He did with LaTorre at his side, as national sales manager for the nascent WTBS beginning in the late-1970s, and later spending 10 years as executive VP, sales and marketing for Turner Entertainment Group. He supervised marketing and sales strategy and all business operations and helped launch TNT, Cartoon Network and Turner Syndication. In a sense, LaTorre helped the cable industry grow up.
“What I loved about it back then was that it was all instinct and visceral; you would will things to happen,” he says.
By the time he got to New World Communications after a brief stop as president of satellite encryption company Prostar Entertainment, the network world was changing swiftly. LaTorre’s gifts for understanding algorithms and ad markets , ratings and relationships, helped him foster deals equally well, first as COO of New World Sales & Marketing and then, upon Fox’s acquisition of New World, as president of ad sales for Fox Cable Networks, his strategic sense guiding the revenue generation and growth of, among many others, FX and MundoFox.
He long witnessed—and ran with—watershed moments. At TBS, a series called Starcade that featured video games, sponsored by Parker Brothers, was, in the early 1980s, a pioneer of product integration. The success of The Shield in 2002 on FX was the moment when, “everybody in cable realized they could compete with the broadcast boys and do original dramas.” For LaTorre, each innovation and renovation, in series and in networks, has led to a rush of enthusiasm, and the great wonders of getting to work with people he cares about.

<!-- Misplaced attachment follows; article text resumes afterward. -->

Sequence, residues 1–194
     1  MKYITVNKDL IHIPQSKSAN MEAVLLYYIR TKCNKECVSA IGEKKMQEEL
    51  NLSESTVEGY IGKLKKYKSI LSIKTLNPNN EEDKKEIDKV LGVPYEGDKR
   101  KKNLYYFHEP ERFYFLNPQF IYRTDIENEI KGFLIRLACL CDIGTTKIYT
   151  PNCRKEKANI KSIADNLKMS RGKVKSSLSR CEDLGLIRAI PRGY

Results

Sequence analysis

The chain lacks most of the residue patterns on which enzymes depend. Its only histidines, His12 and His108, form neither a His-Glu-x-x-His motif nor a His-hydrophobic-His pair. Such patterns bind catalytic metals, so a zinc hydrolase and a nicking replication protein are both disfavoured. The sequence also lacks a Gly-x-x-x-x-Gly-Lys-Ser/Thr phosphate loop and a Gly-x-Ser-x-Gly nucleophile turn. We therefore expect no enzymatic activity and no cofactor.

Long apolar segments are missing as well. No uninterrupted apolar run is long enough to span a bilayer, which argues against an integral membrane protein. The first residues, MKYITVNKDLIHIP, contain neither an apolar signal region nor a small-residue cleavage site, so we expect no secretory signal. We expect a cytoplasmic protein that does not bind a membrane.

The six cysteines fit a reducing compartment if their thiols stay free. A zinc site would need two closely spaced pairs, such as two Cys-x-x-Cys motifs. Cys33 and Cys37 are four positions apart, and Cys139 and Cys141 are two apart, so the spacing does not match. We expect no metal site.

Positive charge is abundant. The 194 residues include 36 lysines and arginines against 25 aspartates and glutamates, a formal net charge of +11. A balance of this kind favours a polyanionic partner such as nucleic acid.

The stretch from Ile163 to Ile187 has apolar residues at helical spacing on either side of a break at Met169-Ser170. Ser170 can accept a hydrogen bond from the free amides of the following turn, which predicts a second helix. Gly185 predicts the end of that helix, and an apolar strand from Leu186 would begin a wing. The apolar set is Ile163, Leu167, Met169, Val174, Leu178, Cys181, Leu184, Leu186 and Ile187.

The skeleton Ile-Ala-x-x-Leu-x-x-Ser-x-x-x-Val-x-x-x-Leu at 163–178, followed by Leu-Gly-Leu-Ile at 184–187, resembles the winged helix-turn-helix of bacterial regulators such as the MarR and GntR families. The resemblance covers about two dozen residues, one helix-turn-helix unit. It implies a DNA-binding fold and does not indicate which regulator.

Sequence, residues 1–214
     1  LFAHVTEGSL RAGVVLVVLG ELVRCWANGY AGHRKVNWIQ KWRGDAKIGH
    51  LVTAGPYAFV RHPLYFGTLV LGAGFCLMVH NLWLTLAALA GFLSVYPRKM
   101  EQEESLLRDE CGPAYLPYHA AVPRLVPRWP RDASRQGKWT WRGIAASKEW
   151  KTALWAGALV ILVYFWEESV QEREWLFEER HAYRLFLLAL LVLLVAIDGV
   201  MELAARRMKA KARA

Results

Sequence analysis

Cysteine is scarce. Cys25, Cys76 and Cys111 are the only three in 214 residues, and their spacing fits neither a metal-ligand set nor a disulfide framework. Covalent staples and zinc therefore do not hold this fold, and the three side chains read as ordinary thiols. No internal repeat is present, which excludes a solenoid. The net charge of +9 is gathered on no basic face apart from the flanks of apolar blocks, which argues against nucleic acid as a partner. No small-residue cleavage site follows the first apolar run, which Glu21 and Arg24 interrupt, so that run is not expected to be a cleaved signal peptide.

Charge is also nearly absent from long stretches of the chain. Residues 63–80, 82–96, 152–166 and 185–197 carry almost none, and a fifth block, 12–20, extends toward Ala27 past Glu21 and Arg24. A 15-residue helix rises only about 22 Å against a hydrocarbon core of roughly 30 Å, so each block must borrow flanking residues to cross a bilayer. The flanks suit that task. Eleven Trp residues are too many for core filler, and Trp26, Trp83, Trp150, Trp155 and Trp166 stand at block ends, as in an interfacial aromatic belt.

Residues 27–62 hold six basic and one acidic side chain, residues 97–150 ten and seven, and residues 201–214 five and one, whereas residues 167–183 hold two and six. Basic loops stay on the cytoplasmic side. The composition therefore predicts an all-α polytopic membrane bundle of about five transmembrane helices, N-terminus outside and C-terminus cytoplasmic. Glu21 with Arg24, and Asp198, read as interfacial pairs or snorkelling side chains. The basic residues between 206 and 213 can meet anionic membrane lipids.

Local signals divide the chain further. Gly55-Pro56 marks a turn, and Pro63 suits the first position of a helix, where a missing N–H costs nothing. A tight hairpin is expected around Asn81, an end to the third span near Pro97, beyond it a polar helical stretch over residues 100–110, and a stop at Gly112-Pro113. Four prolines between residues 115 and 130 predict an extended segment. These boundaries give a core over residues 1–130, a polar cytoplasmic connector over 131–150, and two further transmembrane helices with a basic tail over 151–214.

“I still believe something becomes a sale after you have worked with a client as a partner, collaborated then aggregated and employed the assets,” he says. “It’s like the quarterback trying to throw a touchdown; it’s all about the series of plays, and then it ends up on the scoreboard.”
By any tally, LaTorre’s a winner—and every indication is he’s on his way back. At 62, he’s not done strategizing, operating and influencing. As David Levy, president of Turner Broadcasting, puts it, “I would not be the executive I am today without having a little Lou LaTorre in me.”